While the McDonald's spin doctors said the reason for the move was "menu simplification," it's easy to speculate that the real reason for the change is the growing media attention on reports that our citizens --and specifically, American children -- rank among the fattest in the world.
Contrary to McDonald's suspended belief in how things occur, the sudden disappearance of super-sized French fries isn't going to solve the nation's obesity problem. In fact, eating smaller orders of fries and drinking smaller Cokes are about as likely to solve the problem of obesity and promote healthy living as diets fads such as Atkins, South Beach or The Zone are to eliminate the growing epidemic.
So it's time to consider something radical -- such as a genuinely healthier diet and, God forbid, some good old-fashioned exercise.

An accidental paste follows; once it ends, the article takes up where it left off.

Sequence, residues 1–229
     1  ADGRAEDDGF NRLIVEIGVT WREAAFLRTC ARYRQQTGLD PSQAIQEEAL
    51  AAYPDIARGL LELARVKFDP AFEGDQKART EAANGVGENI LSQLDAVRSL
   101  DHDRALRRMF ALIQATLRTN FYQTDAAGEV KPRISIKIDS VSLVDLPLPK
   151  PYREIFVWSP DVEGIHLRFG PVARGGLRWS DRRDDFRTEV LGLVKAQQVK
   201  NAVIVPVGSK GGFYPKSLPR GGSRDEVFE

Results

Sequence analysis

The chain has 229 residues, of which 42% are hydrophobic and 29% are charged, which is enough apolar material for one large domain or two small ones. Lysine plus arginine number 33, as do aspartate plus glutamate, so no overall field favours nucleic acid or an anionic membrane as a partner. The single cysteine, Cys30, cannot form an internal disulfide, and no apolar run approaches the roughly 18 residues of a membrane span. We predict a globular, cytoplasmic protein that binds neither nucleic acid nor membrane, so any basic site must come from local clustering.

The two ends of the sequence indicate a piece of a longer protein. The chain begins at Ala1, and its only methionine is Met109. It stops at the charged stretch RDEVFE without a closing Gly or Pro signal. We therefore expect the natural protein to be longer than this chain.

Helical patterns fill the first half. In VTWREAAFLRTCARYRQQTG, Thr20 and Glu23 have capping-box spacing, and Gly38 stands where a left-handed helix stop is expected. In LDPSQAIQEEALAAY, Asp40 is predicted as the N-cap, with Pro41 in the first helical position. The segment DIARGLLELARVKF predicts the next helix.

People are busier these days trying to make a living -- especially executives. But with the health problems associated with obesity, it's not going to take long before the trade-off for one's valuable time becomes akin to something of a gamble with one's life. And what CEO is willing to bet on that type of business proposition?
Love them or hate them, the fitness-related infomercials you see on television in growing numbers do promote healthier lifestyles. And, as you'll read in this month's cover story, Canton-based Fitness Quest has made a mint by being on the forefront of this industry.
Not only has CEO Robert Schnabel innovated with regard to celebrity endorsements, product development and multiple channel marketing, his products require that the users actually break a sweat in order to achieve the desired results.
Think about that the next time you're adding an extra beef patty to that double cheeseburger with everything ... and then and ordering a diet soda to go with it.